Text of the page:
Hundreds of Ukrainians Killed as Obama Pledges Even More Support for Military
Families fleeing eastern Ukraine to escape military siege
Hundreds of Ukrainians have been killed this week since government troops launched their "anti-terrorist operation" on the rebel strongholds in the east.
As the fighting continued to rage in the cities of Luhansk and Slaviansk, U.S. President Barack Obama met with Ukrainian President-elect Petro Poroshenko in Warsaw, Poland on Wednesday. During the meeting, Obama pledged his support for the newly elected Kiev government by promising $5 million worth of supplies for the Ukrainian military—in the form of night vision goggles and body armor—to aid their continued offensive against the rebels.
In remarks following the meeting, Obama announced an additional $1 billion in additional loan guarantees to supplement the IMF's assistance and said that he and Poroshenko discussed other means that the U.S. might aid in their "reform and transition process."
"We’ve discussed additional steps that we can take to help train and professionalize the Ukrainian law enforcement and military so they can deal with some of the challenges that are still taking place in certain portions of the country," Obama said a day after he pledged to boost U.S. military deployments and exercises throughout eastern Europe.
For the second straight day in and around the eastern town of Slaviansk, government forces have battled the separatist army with "aircraft, helicopters and artillery," Reuters reports.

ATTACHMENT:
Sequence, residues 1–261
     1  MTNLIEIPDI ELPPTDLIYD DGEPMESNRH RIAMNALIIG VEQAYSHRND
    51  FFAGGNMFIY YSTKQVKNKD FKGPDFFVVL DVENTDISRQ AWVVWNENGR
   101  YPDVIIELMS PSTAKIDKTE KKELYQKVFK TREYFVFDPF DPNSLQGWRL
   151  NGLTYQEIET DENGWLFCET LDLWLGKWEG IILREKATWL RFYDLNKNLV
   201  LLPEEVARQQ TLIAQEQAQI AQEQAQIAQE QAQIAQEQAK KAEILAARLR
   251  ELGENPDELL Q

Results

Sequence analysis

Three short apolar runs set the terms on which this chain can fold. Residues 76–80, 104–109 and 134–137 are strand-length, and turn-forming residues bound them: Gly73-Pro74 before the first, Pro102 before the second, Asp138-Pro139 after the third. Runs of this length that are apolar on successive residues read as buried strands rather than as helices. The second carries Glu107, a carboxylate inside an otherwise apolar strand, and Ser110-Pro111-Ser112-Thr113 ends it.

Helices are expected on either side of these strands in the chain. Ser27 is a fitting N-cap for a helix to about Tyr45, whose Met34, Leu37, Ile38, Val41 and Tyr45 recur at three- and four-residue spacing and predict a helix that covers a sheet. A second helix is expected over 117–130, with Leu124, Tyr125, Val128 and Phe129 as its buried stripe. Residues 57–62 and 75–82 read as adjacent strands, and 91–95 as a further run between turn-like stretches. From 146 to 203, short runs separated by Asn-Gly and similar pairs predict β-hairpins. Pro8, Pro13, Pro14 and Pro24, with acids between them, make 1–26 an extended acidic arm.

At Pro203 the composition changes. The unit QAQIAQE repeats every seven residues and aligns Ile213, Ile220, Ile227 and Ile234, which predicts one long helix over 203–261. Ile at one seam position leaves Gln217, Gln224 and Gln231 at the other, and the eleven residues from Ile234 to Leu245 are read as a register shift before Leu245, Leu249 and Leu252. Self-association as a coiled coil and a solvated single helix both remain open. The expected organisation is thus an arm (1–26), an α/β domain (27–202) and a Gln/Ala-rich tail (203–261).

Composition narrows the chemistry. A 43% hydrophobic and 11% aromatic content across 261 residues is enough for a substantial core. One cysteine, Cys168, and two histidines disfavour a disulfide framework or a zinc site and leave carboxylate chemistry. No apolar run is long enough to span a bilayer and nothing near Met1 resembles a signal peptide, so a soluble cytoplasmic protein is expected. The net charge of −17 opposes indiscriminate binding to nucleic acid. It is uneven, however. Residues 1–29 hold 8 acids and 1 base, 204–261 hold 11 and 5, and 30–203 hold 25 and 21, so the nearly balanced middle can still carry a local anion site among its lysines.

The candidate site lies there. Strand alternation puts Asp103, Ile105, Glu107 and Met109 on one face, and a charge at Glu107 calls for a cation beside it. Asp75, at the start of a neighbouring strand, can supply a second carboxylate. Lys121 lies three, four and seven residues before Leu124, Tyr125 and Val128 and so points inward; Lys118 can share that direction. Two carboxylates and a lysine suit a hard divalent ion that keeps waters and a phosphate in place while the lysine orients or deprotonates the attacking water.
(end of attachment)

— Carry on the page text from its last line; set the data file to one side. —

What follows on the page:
The news agency, quoting a government spokesman, said more than 300 rebel forces had been killed in the past 24 hours, although the rebels have contested these numbers saying the troops' losses were "more than ours."
Speaking with those who were fleeing the country to escape the violence, Reuters continues:
"It's a mess," Marina, a young woman, sobbed as she clutched her husband's arm. "It's war."
Balancing his four-year-old daughter on his hip, Andrei Bander, 37, said he feared he would not be back any day soon.
"We took only what was most necessary. We are going. We don't even know where. We will head to Russia though because it's clear we need to leave Ukraine. I don't see anything good left here," he said, waiting for a taxi in the no man's land beyond the check point with only a few small bags.
Along the eastern border, armed rebels have seized three military facilities after prolonged battles with Ukrainian troops. The Associated Press reported the insurgents as saying that they wanted to crate a "humanitarian corridor" for those fleeing to Russia to escape the fighting.
During his speech, Obama continued to invoke the Russian threat, slamming them for allegedly "financing or supporting or arming separatists on Ukraine’s sovereign territory." Calling their involvement a clear "violation of international law," Obama added that the international community is "willing to back up those principles with consequences for Russia."
On Wednesday evening, leaders of the G7 countries will convene in Brussels. The meeting, originally slated to include President Vladimir Putin and take place in Sochi, Russia, marks the first time in 17 years that body will come together without a representative from Russia.